President Calvin Coolidge (seated in back, left) and President-elect Herbert Hoover (next to Coolidge), as they left the White House for Hoover's inauguration, March 4, 1929. Two months after Hoover's taking office, Heating, Piping, and Air-Conditioning magazine was born. Five months later, the 'Roaring Twenties' vaporized as the stock market crashed and the Great Depression took America in it's taudry grip.

The 85th Anniversary of HPAC Magazine is a Milestone in the HVAC Industry

April 29, 2014
The heating, refrigeration, and burgeoning air conditioning industries were making great strides just before the American stock market crashed ushering in The Great Depression. That "in-between time" is when HPAC magazine was born. Here is a brief history to celebrate our 85th anniversary.

May, 1929. America didn't know it, but it was on the verge of the worst economic disaster in the history of the country: The Great Depression. That was the year that Herbert Hoover assumed the role of President of the United States. And it was the year that a Chicago-based publishing company named Domestic Engineering introduced its newest trade journal: Heating, Piping and Air-Conditioning magazine. Back then, an annual subscription cost $3, and there were 7,000 HVAC engineers, contractors, and supervising and operating engineers who subscribed nationwide.

This month, HPAC Engineering (the name was changed in May, 1999) celebrates its 85th birthday and I thought it appropriate to revisit a bit of history:

HPAC Editorial Director Mike Weil
In 1929, the first issue of Heating, Piping, and Air-Conditioning (HPAC) magazine included a special section for the American Society of Heating and Ventilation Engineers (ASHVE)—a forerunner of today’s ASHRAE (formerly known as the American Society of Heating, Refrigeration, and Airconditioning Engineers). Called the ASHVE Journal, this section contained research papers delivered during the society’s winter and annual meetings, as well as society news and information. Guess what? This special section, which ran monthly, eventually became today’s ASHRAE Journal. In 1959, with the birth of the ASHRAE Journal, HPAC Editor Bob Roose, PE replaced the journal section with what he called, “The HPAC Engineering Data File”—a 16-20-page monthly feature focused on a single topic of high interest to the magazine’s readership. Topics included: high-intensity infrared heating, evaporative cooling system design, air-to-water pollution control, and preventive maintenance of heating and air conditioning systems.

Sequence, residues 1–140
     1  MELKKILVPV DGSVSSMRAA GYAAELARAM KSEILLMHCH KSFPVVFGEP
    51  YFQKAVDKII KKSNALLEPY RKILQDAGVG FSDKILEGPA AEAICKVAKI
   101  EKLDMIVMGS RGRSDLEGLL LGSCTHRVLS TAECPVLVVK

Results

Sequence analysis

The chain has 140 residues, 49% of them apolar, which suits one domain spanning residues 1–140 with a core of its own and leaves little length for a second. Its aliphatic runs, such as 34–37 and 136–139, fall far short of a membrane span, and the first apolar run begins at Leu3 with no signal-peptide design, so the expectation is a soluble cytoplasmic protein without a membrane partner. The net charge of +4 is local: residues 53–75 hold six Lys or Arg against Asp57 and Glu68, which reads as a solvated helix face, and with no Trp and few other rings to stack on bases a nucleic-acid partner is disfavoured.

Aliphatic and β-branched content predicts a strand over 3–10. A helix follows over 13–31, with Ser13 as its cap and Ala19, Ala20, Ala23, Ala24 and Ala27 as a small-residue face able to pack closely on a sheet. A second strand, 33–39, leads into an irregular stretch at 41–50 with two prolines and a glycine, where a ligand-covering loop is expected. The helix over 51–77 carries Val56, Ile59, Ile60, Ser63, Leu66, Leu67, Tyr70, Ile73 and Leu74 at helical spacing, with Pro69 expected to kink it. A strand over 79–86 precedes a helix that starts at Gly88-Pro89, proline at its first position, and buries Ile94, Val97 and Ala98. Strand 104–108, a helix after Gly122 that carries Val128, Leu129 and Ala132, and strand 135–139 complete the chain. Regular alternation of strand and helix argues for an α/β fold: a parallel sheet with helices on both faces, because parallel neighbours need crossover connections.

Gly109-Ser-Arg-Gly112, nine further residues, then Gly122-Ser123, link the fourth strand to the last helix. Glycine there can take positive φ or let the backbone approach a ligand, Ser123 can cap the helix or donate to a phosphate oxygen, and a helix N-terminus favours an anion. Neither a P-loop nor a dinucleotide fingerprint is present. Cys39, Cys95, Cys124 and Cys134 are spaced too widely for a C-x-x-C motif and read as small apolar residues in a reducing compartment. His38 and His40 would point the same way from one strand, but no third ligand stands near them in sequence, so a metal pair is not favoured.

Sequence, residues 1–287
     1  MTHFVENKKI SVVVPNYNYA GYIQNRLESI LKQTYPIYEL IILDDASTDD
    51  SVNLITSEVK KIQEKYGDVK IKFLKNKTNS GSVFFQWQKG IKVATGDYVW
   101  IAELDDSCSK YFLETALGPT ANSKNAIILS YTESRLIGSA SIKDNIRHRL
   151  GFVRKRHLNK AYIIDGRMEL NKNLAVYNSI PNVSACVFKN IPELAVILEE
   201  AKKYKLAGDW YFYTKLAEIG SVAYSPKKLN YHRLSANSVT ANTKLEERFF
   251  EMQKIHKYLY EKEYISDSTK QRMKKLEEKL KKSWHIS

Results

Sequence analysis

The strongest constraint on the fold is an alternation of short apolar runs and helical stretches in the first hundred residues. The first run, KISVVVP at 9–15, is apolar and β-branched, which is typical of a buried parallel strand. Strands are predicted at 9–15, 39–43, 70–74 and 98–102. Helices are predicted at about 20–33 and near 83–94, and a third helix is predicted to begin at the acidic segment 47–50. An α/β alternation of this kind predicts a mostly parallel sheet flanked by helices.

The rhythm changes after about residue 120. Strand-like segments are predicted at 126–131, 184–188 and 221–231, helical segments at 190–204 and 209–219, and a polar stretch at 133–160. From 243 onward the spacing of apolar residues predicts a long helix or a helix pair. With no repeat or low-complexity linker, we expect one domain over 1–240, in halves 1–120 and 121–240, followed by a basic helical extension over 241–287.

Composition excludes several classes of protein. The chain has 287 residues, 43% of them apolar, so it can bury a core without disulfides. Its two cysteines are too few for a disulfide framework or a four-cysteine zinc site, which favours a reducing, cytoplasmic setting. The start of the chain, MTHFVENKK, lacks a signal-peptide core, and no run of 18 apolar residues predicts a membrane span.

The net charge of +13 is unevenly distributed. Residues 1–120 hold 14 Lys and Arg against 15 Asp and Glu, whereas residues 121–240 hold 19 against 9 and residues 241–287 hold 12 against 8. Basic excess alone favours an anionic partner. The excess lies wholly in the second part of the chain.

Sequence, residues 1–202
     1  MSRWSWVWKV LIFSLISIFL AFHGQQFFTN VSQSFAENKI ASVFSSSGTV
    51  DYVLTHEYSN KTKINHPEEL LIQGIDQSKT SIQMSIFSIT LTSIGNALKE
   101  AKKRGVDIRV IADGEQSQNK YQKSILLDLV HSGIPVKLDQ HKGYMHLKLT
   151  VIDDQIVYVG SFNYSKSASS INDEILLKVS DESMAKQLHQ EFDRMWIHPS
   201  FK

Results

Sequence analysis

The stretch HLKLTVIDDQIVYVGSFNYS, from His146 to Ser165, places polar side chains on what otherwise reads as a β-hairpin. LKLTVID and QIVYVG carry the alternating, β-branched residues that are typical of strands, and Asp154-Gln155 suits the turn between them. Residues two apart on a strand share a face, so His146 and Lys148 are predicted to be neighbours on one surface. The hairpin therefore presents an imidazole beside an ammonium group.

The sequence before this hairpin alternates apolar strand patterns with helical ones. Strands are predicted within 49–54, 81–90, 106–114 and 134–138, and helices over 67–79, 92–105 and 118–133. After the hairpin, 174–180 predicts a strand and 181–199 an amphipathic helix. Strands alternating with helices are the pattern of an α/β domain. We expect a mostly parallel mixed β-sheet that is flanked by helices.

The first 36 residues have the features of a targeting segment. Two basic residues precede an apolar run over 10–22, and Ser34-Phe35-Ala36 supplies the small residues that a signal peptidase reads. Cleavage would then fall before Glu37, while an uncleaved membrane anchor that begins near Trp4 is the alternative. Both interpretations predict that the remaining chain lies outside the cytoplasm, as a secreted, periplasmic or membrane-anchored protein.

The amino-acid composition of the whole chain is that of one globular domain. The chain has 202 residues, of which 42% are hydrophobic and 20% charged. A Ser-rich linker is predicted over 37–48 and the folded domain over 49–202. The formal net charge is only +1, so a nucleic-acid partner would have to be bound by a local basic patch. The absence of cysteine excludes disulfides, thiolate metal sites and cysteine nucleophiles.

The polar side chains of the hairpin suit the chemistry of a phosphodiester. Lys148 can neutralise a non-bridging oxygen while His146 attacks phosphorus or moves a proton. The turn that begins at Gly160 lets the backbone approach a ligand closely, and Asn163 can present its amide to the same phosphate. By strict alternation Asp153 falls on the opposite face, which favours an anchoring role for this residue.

Willis Carrier, 1915
In the very first issue, Willis Carrier wrote an article titled,”Air Conditioning — New Prospects for an Established Industry." In it, Willis Carrier himself  highlights the then 25-year-old industry he helped to found and presents prospects for its continued growth, prosperity, and impact not only on industry, but on society.
  • In issue one, volume one, founding editorial director R.V. Sawhill wrote an introduction establishing the reason why Domestic Engineering started the new magazine:
  • “The design, installation and operation of heating, piping, and air-conditioning systems equipment afford an opportunity for an engineering editorial service which is limited only by the possibilities for improving human comfort and health and increasing production efficiency.

    “This issue is the first step in a carefully reasoned program of operation aimed to supply the technical and practical information and data needed in this work.”

    This remains the magazine’s mission to this very day.

    • The first-issue articles covered the development of air conditioning in industry, industrial piping, a future look at heating in 1940, and refrigeration’s state of development and what its future held. It had case studies including, “Applying Warm Air System to Churches” and “Piping—For High Pressure.”
    • The first ASHVE Journal section covered “Air-conditioning in a Detroit-area Office Building,” “Overall Heat Transmission Coefficients Obtained By Tests and By Calculation,” and “Capacity of Radiator Supply Branches for One and Two-pipe Systems.”
    • In 1929, HPAC began life with a board of consulting editors that included three consulting engineers AND a separate board of 37 contributing editors. Today HPAC Engineering continues that tradition as we maintain an editorial advisory board of 25 engineering influencers from the mechanical systems industry.

    We look forward to continuing our service to the industry via our expansion into digital and social media. Thanks for your readership, your comments, and input as we move down the road toward our centennial celebration.